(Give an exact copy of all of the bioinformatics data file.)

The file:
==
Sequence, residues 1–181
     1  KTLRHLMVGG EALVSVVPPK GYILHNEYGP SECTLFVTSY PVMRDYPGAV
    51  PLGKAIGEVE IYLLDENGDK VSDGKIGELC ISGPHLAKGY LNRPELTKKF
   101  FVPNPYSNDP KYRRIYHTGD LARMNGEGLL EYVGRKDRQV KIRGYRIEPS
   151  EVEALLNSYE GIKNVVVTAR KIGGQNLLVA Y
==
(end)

Sequence, residues 1–181
     1  KTLRHLMVGG EALVSVVPPK GYILHNEYGP SECTLFVTSY PVMRDYPGAV
    51  PLGKAIGEVE IYLLDENGDK VSDGKIGELC ISGPHLAKGY LNRPELTKKF
   101  FVPNPYSNDP KYRRIYHTGD LARMNGEGLL EYVGRKDRQV KIRGYRIEPS
   151  EVEALLNSYE GIKNVVVTAR KIGGQNLLVA Y